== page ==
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The Role Of Women In The Rape Of The Lock

1043 words - 4 pages

On the surface, The Rape of the Lock is a retelling of an episode that caused a feud between two families in the form of an epic. One might believe that in his version, Alexander Pope portrayed the women of the story as shallow, vain little girls, however on a deeper level the women are crucial to the story. Aside from not being as helpless as they appear, each woman possesses a different kind of power that contributes to their character greatly. Rather than being the conceited and shallow figures expected of the time period, the women in The Rape of the Lock posses more power than meets the eye.
First of all, the poems main focus is Belinda. She is presented as an upper class aristocratic woman with no real duties or concerns. She is constantly surrounded by Sylphs who's only purpose is to protect and pamper her. This is one example of her importance, the fact that she requires such protection suggests a certain level of importance to begin with. As she goes about her day, she sleeps in quite late, takes her time getting ready and being pampered, then she sets out to enjoy her afternoon with friends. Not once does she have to ask permission from anyone or answer to any man. For a woman in this time, this is a big deal, women were usually seen as dependent upon their husbands, but here Belinda can do as she pleases. She also gets into a heated argument with the Baron, "See, fierce Belinda on the Baron flies, With more than usual Lightning in her Eyes;" (Canto V, 75-76). Although Belinda may not be triumphant in the end, her power of free will is in stark contrast to most representations of 18th century women.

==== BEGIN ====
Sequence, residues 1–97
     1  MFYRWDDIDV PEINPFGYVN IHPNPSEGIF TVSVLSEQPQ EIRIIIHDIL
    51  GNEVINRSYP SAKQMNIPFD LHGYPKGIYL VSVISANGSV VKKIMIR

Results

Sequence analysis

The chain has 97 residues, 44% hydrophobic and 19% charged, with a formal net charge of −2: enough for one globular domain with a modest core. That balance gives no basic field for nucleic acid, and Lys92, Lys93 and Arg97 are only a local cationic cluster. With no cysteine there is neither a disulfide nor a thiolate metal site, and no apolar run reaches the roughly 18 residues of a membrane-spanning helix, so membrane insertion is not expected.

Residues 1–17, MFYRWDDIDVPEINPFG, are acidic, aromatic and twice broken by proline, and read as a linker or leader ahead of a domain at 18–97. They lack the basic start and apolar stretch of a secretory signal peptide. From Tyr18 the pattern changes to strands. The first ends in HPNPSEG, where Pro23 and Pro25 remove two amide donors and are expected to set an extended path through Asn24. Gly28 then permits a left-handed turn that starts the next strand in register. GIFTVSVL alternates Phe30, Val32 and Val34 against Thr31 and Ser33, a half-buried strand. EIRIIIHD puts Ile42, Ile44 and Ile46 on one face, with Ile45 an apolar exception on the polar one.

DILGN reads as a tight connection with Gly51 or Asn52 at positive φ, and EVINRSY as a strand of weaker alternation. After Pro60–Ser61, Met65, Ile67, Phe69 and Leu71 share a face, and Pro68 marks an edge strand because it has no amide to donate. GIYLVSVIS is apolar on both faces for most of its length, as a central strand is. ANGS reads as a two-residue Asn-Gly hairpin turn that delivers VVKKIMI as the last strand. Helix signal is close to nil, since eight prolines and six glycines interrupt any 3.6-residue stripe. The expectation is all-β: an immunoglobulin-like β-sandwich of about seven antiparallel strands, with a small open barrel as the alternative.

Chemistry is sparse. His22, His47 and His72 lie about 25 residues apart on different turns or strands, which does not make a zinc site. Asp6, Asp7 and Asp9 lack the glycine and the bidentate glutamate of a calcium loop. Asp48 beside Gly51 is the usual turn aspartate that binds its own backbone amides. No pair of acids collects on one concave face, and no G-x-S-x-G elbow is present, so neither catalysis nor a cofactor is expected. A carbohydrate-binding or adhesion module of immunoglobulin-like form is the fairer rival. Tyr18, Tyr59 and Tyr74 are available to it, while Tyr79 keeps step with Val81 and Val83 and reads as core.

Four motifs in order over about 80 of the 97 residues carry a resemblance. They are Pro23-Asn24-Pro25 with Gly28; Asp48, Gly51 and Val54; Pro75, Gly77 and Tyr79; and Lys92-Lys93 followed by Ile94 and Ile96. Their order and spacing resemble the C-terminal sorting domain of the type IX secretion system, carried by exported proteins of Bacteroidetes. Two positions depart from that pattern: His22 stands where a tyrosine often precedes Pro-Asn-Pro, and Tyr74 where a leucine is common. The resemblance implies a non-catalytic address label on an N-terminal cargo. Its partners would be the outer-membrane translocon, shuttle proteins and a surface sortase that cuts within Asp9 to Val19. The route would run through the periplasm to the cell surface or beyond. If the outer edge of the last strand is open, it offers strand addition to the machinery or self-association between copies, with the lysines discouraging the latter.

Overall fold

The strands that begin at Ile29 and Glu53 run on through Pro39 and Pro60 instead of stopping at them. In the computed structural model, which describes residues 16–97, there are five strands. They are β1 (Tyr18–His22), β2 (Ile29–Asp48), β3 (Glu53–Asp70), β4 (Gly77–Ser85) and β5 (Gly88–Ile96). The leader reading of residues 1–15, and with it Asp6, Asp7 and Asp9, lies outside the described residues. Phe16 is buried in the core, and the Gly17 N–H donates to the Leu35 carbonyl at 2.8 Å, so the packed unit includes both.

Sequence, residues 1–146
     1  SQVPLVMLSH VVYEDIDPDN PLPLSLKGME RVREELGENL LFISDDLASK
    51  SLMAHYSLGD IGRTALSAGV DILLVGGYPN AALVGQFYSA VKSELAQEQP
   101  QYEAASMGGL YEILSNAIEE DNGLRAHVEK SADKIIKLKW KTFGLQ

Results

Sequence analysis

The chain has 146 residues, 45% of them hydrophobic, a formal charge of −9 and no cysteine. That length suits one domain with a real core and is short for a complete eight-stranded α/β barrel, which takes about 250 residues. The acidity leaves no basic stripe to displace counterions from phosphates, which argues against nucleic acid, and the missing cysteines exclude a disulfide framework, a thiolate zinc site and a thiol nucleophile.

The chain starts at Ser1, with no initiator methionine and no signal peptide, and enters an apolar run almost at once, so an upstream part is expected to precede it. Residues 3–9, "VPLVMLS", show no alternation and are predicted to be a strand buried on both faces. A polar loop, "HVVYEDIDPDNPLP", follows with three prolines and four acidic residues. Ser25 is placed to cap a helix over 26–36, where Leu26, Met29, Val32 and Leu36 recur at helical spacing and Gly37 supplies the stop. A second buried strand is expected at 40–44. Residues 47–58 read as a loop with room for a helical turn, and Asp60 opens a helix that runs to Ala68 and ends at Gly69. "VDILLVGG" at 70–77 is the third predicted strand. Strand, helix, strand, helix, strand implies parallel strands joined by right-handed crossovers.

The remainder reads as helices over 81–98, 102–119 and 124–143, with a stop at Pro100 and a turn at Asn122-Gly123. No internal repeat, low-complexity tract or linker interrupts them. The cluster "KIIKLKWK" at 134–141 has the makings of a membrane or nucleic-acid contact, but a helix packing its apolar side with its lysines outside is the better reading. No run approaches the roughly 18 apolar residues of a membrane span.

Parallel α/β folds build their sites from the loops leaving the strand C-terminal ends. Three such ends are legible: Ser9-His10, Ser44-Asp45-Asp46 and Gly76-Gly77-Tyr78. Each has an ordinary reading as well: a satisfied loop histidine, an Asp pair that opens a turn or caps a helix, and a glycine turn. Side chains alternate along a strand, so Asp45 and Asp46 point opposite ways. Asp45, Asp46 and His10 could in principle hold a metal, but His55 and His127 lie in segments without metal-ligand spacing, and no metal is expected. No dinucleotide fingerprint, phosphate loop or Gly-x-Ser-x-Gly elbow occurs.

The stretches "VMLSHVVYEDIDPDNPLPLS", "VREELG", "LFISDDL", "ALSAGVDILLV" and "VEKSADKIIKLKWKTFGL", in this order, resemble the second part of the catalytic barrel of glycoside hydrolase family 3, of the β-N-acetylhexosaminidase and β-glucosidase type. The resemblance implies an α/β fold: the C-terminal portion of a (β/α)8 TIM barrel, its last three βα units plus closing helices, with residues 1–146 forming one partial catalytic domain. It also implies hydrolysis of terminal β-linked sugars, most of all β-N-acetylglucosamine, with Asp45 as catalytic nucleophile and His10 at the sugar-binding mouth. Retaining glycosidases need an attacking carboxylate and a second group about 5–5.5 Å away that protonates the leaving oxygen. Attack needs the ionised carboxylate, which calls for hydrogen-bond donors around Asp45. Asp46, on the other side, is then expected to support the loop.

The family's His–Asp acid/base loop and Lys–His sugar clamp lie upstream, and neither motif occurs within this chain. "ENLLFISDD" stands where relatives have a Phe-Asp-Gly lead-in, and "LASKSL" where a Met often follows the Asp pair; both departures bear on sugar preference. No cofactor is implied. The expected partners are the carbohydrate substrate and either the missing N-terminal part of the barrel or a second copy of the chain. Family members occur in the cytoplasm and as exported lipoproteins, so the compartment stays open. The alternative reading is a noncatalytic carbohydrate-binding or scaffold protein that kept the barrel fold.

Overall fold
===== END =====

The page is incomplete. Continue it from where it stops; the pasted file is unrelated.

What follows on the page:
Another important female character in this story is Thalestris, one of Belinda's friends. She is also portrayed as rather shallow or vain but she too has her own form of strength. When the Baron takes the lock of hair from Belinda, Thalestris becomes outraged. "Already hear the horrid things they say, Already see you a degraded toast, And all your honor in a whisper lost! How shall I, then, your helpless fame defend? 'Twill then be Infamy to seem your Friend!" (Canto IV, 108-112). This response may seem rude and shallow and that may be how Pope intended her character to appear. However by use of the power of persuasion, Thalestris soon sends Belinda into a fit of rage and subtly encourages Belinda to seek revenge on the Baron and is quite successful. Another example of Thalestris' power of persuasion is shown when she insists that her "beau" Sir Plume order the Baron to return Belinda's lock of hair. To his credit, Sir Plume does as she asks without a second thought. In a slight role reversal he actually appears to be the dependent partner, doing what he's told with no questions asked or as Pope put it, "With earnest eyes, and round unthinking face," (Canto IV, 125). That would make Thalestris the dominant partner, a role almost exclusively for men in these times. She is again portrayed in Canto V during the battle scene as...

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